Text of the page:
Yet Another Day in Republican Scumbaggery


Today President Obama asked Congress to approve $3.7 billion in emergency funding to help deal with the surge of minors crossing the border. You may color me unsurprised over the Republican response:

The proposal was quickly met with broad skepticism among Republican lawmakers, who were doubtful that the package would be approved quickly — if at all….GOP leaders, who have called on Obama to take stronger action, said they were reluctant to give the administration a “blank check” without ­more-detailed plans to ensure that the money would help stem the crisis at the border.

The president “is asking to use billions of taxpayer dollars without accountability or a plan in place to actually stop the border crisis,” Rep. Bob Goodlatte (R-Va.), chairman of the House Judiciary Committee, said in a statement.

Asked if he thought lawmakers would approve the proposal, Sen. Marco Rubio (R-Fla.) said, “No, given the mood here in Washington, I don’t have confidence it will happen.”

Well, of course it won’t happen. The crisis along the border is tailor made for Republicans. It makes their base hopping mad, it juices their campaign fundraising, and anytime the government is unable to address a problem it makes Obama look bad. Why on earth would Republicans want to do anything to change any of this?

As long as Obama is president, chaos is good for Republicans. After all, most voters don’t really know who’s at fault when things go wrong, they just know there’s a crisis and Obama doesn’t seem to be doing anything about it. Exploiting that may be cynical and revolting, but hey, politics ain’t beanbag. And in case you haven’t heard, there’s an election coming up.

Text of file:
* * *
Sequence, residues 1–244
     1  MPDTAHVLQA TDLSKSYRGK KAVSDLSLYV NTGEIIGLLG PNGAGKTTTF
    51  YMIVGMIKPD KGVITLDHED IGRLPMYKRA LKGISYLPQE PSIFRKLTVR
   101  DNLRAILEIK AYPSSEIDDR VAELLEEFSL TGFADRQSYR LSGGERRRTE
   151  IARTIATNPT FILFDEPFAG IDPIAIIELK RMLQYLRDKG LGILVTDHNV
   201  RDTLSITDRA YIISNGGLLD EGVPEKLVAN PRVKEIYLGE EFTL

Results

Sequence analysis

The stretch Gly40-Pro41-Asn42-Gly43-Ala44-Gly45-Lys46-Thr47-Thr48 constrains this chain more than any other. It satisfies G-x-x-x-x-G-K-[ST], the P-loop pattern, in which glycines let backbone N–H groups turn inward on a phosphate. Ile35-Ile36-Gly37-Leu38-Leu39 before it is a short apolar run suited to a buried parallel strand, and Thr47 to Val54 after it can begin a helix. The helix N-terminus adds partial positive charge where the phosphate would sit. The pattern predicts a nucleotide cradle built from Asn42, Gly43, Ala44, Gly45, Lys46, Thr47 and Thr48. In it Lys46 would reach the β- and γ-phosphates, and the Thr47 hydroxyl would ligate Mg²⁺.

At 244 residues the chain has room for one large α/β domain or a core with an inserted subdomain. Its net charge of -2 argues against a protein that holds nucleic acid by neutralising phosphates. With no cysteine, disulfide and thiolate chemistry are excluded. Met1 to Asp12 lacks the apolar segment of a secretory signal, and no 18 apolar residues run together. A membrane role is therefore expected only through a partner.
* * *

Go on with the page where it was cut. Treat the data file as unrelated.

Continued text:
HERE ARE THE FACTS:

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ONE MORE QUICK THING:

Our fall fundraising drive is off to a rough start, and we very much need to raise $250,000 in the next couple of weeks. If you value the journalism you get from Mother Jones, please help us do it with a donation today.

As we wrote over the summer, traffic has been down at Mother Jones and a lot of sites with many people thinking news is less important now that Donald Trump is no longer president. But if you're reading this, you're not one of those people, and we're hoping we can rally support from folks like you who really get why our reporting matters right now. And that's how it's always worked: For 45 years now, a relatively small group of readers (compared to everyone we reach) who pitch in from time to time has allowed Mother Jones to do the type of journalism the moment demands and keep it free for everyone else.

Please pitch in with a donation during our fall fundraising drive if you can. We can't afford to come up short, and there's still a long way to go by November 5.

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